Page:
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Cannibalistic fish washes up on Padre Island National Seashore

Sargassum fish live in seaweed beds in the Gulf of Mexico

Padre Island National Seashore
Padre Island National Seashore (National Park Service Photos)

PADRE ISLAND NATIONAL SEASHORE, Texas – First, it was blue dragons, then a mystery creature and now it’s a cannibalistic fish that has washed up on Padre Island National Seashore (PINS).

Officials with PINS posted a photo on Facebook Monday morning of a sargassum fish that washed up on the beach a few weeks ago and was discovered by a visitor.

Turns out, the sargassum fish is an ambush predator as well as a cannibal. One fish “was found to have 16 juveniles in its stomach,” according to MissionBlue.org.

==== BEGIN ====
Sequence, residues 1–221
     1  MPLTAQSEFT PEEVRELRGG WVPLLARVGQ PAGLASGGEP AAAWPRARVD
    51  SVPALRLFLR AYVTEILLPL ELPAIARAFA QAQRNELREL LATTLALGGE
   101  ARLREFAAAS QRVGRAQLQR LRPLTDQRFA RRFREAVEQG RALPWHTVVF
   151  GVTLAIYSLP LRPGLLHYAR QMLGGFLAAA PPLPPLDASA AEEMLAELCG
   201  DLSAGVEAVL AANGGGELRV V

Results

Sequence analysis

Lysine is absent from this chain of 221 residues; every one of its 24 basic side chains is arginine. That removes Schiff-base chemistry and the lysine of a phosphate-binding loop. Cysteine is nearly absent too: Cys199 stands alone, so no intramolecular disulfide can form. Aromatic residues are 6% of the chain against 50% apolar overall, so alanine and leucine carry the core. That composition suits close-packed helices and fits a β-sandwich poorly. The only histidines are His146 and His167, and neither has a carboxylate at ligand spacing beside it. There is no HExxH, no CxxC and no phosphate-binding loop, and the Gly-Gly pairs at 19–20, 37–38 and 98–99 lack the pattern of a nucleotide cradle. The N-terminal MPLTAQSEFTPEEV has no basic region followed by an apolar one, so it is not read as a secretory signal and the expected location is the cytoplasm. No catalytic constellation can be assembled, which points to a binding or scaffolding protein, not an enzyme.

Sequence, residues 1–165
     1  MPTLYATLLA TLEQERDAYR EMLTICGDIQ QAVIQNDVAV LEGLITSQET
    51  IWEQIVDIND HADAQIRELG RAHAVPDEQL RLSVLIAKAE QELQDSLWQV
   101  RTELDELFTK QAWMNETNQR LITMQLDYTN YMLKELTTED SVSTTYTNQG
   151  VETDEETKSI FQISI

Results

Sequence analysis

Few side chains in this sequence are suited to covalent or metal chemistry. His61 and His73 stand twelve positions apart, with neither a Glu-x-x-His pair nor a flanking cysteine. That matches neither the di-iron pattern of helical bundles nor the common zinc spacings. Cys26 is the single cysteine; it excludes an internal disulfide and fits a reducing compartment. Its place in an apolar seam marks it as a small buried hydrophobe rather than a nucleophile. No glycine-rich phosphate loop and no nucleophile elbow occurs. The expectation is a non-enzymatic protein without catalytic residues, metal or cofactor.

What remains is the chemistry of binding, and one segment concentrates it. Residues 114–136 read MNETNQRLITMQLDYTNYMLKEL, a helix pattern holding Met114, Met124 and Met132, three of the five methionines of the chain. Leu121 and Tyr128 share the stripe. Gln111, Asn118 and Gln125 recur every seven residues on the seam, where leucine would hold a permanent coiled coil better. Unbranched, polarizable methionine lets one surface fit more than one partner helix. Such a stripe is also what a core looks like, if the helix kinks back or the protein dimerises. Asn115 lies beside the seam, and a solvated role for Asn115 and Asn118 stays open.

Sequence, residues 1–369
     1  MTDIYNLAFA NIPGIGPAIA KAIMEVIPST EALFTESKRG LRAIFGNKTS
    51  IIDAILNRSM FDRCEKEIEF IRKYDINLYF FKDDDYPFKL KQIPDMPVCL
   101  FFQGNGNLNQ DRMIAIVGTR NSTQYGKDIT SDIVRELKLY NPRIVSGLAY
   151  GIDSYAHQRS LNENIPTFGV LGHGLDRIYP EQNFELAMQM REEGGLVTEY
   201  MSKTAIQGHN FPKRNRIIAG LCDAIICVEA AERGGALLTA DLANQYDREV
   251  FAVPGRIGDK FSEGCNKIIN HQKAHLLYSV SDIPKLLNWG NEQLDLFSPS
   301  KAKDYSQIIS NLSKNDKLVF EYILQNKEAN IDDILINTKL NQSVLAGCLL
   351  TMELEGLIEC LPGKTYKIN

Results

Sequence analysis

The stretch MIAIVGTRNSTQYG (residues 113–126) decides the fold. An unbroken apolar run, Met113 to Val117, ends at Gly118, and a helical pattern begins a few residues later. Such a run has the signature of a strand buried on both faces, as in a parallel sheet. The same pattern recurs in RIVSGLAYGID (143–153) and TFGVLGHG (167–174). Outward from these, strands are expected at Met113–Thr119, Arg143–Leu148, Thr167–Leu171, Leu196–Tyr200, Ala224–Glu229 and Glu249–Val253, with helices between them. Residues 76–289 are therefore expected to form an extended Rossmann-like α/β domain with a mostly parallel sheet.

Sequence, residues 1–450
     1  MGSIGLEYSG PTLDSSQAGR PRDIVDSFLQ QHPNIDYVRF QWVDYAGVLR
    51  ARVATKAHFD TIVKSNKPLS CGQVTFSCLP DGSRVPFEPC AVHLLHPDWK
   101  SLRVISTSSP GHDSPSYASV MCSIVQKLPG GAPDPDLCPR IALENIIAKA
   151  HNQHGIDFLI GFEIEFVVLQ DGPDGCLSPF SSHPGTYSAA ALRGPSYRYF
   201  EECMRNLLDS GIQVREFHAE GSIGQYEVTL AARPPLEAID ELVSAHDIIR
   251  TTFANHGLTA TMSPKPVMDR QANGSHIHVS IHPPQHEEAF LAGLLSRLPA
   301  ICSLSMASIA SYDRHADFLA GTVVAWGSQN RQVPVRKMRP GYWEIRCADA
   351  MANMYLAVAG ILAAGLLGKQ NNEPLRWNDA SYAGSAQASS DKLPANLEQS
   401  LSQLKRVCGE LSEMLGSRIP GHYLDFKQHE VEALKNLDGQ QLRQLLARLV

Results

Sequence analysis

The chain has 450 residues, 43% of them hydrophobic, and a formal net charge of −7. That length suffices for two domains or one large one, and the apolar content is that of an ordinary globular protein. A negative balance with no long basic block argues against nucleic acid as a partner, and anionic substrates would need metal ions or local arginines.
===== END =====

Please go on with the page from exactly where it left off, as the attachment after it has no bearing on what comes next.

PINS officials said the sargassum fish “lives in the seaweed beds out in the Gulf of Mexico” and blends into the seaweed due to its unique coloring.

The sargassum fish can also change color for extra camouflage and “is able to stealthily snatch unsuspecting prey from the water,” according to the Facebook post.

In the continuing saga of weird things washing up on our shore, this little guy was found by a visitor a few weeks ago!...

Posted by Padre Island National Seashore on Monday, November 2, 2020

Don’t worry, the Florida Museum reports that the only danger to humans from these fish is due to the ingestion of “the toxin ciguatoxin, which found on the flesh of the fish.” So if you find one, don’t eat it.

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